(Lor Randal and Hunt, 2010, Kim et al., 2011, Campanacci, 1990, Evans et al., 1977).

  • Low grade tumours (grade 1)
    Most cells look like normal cartilage, some cells may have two nuclei.

  • Intermediate grade tumours (grade 2)
    Cell nuclei are misshapen, fragmented, or bigger than in low grade tumours. Intermediate tumours are treated in the same way as high grade tumours.

  • High grade tumours (grade 3)
    Cells of the same type have different shapes, lots of cells are in the process of division (mitosis), giant cells and many dead cells (necrosis) can be seen.

(Lor Randal and Hunt, 2010, Ryzewicz et al., 2007, Evans et al, 1977)

Grade 1 tumours are less aggressive than grades 2 and 3 tumours, meaning that grade 1 tumours are easier to treat. Most patients have low or intermediate grade conventional chondrosarcomas although rarely, conventional chondrosarcomas can be high grade.

(Lor Randal and Hunt, 20101, Gelderblom et al., 2008, Kim et al., 2011, Evans et al., 1977, Hogendoorn et al., 2010, Campanacci, 1990).

Conventional chondrosarcomas can affect any bone. Most conventional chondrosarcomas arise from inside the bone; however, around 15% arise from cells on the surface of the bone. Conventional chondrosarcomas are equally likely to appear in the central (axial) part of skeleton as in the bones of the limbs. The thigh bone (proximal femur) is the most frequently affected followed by upper arm bone (humerus), distal femur, and ribs.

(Kim et al., 2011, Geldenblom et al., 2008, Kleihues et al, 2006).

2) Dedifferentiated chondrosarcoma

  • Around 10% of chondrosarcomas are dedifferentiated chondrosarcoma.
  • They are high grade and very aggressive.
  • The most common sites affected are femur and pelvis.

(Lor Randal and Hunt, 2010, Kim et al., 2011, Grimer et al., 2007, Ryzewicz et al., 2007, Mitchel et al., 2000, Gelderblom et al., 2008, Milchgrub et al 2002, Nakashima et al., 1986, 2002, Kleihues et al., 2006)

3) Mesenchymal (me-ZEN-ky-mal) chondrosarcoma

  • Can occur anywhere in the body – either in the bones or in non-bony (soft) tissues. If the tumour first appears in a non-bony tissue it is described as “extra-skeletal”, which means “outside of the bones”.
  • Around 70% of mesenchymal chondrosarcomas originate in bone, while 30% are extra-skeletal.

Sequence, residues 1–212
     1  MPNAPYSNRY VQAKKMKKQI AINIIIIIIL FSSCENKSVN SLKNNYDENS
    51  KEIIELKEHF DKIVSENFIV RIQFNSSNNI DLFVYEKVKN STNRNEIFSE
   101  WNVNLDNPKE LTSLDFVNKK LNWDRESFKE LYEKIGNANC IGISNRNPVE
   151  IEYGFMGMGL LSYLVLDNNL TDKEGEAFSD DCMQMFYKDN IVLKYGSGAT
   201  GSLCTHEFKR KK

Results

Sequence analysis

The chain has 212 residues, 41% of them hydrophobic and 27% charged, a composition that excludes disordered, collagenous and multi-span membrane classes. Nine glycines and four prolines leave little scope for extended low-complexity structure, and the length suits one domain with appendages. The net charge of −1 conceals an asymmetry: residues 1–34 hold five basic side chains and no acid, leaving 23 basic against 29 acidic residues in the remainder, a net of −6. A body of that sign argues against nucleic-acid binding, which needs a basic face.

• Extremely rare, accounting for less than 2% of chondrosarcomas.
  • Cells of the tumour may look like cells of Ewing’s sarcoma, a different bone tumour.
  • Very aggressive tumour.

(Lor Randal and Hunt, 2010, Kim et al., 2011, Goldberg and Grier, 2010, Gelderblom et al., 2008, Ryzewicz et al., 2007, Kleihues et al., 2006)

4) Clear cell chondrosarcoma

  • Extremely rare, less than 2% of chondrosarcomas.
  • Low grade tumours.
  • The inside of the cells (cytoplasm) appears clear/ empty under the microscope.
  • Tends to occur in long bones of the arms and legs.

(Kim et al., 2011, Lor Randal and Hunt, 2010, Geldenblom et al., 2008, Ryzewicz et al., 2007, Kleihues et al., 2006)

The type of treatment a patient receives will depend on which type of chondrosarcoma is diagnosed. The main treatment for chondrosarcoma is surgery to remove the tumour. Radiotherapy is sometimes used, and much more rarely chemotherapy might be used.

(Lor Randal and Hunt, 20101, Kim et al., 2011, Ryzewicz et al., 2007, Hogendoorn et al., 2010).

The authors and reviewers of this information are committed to producing reliable, accurate and up to date content reflecting the best available research evidence, and best clinical practice. We aim to provide unbiased information free from any commercial conflicts of interest. This article is for information only and should not be used for the diagnosis or treatment of medical conditions. BCRT can answer questions about primary bone cancers, including treatments and research but we are unable to offer specific advice about individual patients. If you are worried about any symptoms please consult your doctor.

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Version 2 produced January 2013
Information will be reviewed in January 2015